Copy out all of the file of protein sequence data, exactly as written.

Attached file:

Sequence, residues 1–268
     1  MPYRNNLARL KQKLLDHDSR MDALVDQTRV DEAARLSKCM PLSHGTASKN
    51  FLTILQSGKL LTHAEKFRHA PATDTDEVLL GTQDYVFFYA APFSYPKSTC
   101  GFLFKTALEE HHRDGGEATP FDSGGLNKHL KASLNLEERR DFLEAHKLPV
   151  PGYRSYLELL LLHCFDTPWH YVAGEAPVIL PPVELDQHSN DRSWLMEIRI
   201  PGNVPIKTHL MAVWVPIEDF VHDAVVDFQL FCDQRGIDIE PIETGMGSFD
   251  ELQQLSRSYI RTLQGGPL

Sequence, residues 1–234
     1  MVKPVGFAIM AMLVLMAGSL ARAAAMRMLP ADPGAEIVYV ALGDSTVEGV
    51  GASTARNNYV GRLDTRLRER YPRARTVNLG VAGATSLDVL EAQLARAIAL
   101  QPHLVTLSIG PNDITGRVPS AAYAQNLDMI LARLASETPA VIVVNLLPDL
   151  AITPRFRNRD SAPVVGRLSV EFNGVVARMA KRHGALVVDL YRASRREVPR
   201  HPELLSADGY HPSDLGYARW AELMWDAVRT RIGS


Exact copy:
Sequence, residues 1–268
     1  MPYRNNLARL KQKLLDHDSR MDALVDQTRV DEAARLSKCM PLSHGTASKN
    51  FLTILQSGKL LTHAEKFRHA PATDTDEVLL GTQDYVFFYA APFSYPKSTC
   101  GFLFKTALEE HHRDGGEATP FDSGGLNKHL KASLNLEERR DFLEAHKLPV
   151  PGYRSYLELL LLHCFDTPWH YVAGEAPVIL PPVELDQHSN DRSWLMEIRI
   201  PGNVPIKTHL MAVWVPIEDF VHDAVVDFQL FCDQRGIDIE PIETGMGSFD
   251  ELQQLSRSYI RTLQGGPL

Sequence, residues 1–234
     1  MVKPVGFAIM AMLVLMAGSL ARAAAMRMLP ADPGAEIVYV ALGDSTVEGV
    51  GASTARNNYV GRLDTRLRER YPRARTVNLG VAGATSLDVL EAQLARAIAL
   101  QPHLVTLSIG PNDITGRVPS AAYAQNLDMI LARLASETPA VIVVNLLPDL
   151  AITPRFRNRD SAPVVGRLSV EFNGVVARMA KRHGALVVDL YRASRREVPR
   201  HPELLSADGY HPSDLGYARW AELMWDAVRT RIGS